Big gun malls in the billion-dollar sales club

Big gun shopping centres are now turning over an average $1 billion-plus in annual sales, putting paid to any concern than they are not relevant to consumers.

Landlords are spending just as much on new developments to make the malls the new town centre where food, movies and beauty salons generate more than the traditional apparel and department stores.

This was reflected in the weaker sales for department chain, Myer, which reported that sales slumped by of 0.6 per cent to $1.78 billion in the 26 weeks to January 28, and second-quarter sales, which included the post-Christmas clearance sale, fell by 1.3 per cent in total, or 0.5 per cent on a comparable store basis.

In the 2017 Shopping Centre News Big Guns survey, Vicinity and the Gandel Group’s, Chadstone is the largest centre with a gross lettable area of of 212,300 square metres and has the highest turnover with $1.5 billion in retail sales last year.

According to industry expert and SCN’s publisher, Michael Lloyd, n shopping centres are the most “sophisticated in the world and the shopping centre industry leads the world in the development, management and marketing of its product”.

“It’s why every major shopping centre in has an ownership structure that includes major pension funds, international funds and most of the major equity funds targeting prime performing real estate assets around the globe,” Mr Lloyd said.

“Since their inception in the 1950s, ‘s shopping centres, every year without exception, have beat inflation by at least 1 percentage point. That’s something no other major property asset class, anywhere in the world has achieved.”

Mr Lloyd, who worked with Lendlease founder Dick Dusseldorf and worked on creating Macarthur Square, said the strength of the industry can be seen in its retail sales versus those trading ‘outside’ the shopping centres.

Last week Macarthur Square opened its $240 million retail redevelopment. The Lendlease-managed centre includes a new format David Jones across two levels, international retailer H&M and a western expansion with a new look Coles, fresh food market hall, more than 40 new specialty stores, an alfresco and casual dining precinct, along with 500 additional car spaces.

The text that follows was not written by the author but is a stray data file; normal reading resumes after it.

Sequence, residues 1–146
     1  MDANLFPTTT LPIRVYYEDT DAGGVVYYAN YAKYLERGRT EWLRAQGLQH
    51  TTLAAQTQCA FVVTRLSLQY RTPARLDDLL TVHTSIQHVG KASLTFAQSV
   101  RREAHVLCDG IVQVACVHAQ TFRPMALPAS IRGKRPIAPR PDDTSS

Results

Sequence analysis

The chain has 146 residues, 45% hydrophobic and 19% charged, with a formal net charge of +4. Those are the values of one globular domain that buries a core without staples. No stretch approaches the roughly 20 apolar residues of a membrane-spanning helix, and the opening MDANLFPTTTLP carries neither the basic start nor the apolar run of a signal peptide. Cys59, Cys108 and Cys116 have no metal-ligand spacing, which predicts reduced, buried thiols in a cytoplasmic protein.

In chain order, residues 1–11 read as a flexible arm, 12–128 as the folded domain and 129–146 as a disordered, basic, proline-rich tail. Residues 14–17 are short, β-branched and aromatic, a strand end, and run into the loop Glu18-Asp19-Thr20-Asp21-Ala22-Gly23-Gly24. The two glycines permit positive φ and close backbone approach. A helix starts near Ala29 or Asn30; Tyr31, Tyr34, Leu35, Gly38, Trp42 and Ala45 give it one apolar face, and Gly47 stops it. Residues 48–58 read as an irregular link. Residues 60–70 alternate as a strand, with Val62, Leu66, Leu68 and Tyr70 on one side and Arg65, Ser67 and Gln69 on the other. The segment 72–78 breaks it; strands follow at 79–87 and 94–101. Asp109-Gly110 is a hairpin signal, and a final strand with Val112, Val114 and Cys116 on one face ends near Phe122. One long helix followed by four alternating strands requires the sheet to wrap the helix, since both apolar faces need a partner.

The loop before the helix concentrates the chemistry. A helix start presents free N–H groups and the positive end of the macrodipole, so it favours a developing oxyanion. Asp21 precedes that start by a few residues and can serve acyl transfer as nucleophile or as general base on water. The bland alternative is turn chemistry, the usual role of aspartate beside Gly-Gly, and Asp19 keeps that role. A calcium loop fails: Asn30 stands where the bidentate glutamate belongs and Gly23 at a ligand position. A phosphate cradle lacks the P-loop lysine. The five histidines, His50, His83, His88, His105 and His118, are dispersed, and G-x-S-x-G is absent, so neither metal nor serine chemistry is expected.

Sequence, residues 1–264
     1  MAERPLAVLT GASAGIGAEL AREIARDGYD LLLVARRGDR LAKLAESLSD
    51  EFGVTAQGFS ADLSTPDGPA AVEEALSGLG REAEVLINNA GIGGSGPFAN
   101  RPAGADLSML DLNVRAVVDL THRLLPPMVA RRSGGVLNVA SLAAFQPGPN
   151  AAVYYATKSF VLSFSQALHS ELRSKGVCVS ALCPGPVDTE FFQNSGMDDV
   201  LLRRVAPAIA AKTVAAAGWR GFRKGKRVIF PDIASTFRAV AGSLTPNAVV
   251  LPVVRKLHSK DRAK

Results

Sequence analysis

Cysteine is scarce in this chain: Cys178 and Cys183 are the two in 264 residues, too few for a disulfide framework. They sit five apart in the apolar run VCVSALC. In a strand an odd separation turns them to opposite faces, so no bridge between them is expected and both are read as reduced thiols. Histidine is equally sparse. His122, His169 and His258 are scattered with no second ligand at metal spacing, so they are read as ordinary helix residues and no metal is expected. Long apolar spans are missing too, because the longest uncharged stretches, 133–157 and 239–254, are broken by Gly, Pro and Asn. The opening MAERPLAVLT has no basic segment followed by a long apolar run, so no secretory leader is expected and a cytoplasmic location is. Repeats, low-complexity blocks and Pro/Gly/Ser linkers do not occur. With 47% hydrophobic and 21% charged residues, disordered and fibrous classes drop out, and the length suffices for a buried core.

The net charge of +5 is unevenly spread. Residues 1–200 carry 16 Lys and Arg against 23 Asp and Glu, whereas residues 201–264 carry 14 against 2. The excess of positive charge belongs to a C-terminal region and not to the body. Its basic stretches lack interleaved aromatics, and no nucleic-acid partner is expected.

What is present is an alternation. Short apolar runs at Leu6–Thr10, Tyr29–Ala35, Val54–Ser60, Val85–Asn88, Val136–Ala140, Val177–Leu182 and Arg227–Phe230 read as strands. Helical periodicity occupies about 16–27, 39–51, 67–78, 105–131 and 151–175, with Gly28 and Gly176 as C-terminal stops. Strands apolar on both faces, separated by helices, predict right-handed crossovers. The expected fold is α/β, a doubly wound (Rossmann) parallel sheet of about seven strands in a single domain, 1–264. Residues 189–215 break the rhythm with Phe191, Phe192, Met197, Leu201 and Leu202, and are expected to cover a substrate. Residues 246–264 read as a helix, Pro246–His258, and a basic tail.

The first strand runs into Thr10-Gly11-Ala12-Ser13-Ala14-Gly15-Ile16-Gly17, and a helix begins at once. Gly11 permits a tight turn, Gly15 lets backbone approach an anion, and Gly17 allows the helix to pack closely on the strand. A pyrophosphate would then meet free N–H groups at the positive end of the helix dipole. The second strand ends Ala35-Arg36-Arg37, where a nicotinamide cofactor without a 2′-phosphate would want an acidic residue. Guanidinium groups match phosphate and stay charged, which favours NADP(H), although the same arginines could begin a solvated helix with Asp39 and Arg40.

Macarthur Square is jointly owned by the Lendlease-managed n Prime Property Fund Retail and the GPT Wholesale Shopping Centre Fund.

Gary Horwitz, head of retail at Lendlease, said the next generation Macarthur Square responds to the changing nature of shopping centres while acknowledging the centre’s strong history and connection to the region.

“The redevelopment of Macarthur Square has allowed us to grow with the region and adapt to the changing demographics and needs of our local customers,” Mr Horwitz said.

In the SCN survey, the star performer in the turnover table was Scentre Group’s Westfield Miranda; in its first full year of trading after major redevelopment, the south Sydney centre improved its moving annual turnover (MAT) by 14 per cent recording total sales of $926 million.

Scentre Group’s Westfield Fountain Gate in Melbourne’s south east became the fourth centre in to record an annual turnover of more than $1 billion.

Colliers International’s director retail leasing NSW, George Wragge said it is apparent from the latest round of shopping centre developments across the country that “the biggest is best”.

“The more out there you make these assets, the more chance you have of attracting a new customer base,” Mr Wragge said.

The attraction of malls for investors remains strong, according to the latest JLL n Shopping Centre Investment Review which revealed that in 2016 transactions to offshore investors reached $2.3 billion, slightly below the $2.5 billion recorded in 2015.

Offshore investment activity accounted for a significant 32 per cent of total acquisitions, compared with the long-term average of 12 per cent.

JLL’s head of retail investments, Australasia, Simon Rooney, said, investor demand remains very strong from domestic and offshore capital sources.

“Demand continues to outweigh supply of investment product, resulting in surplus capital which is yet to be deployed and driving competition-led yield compression,” Mr Rooney said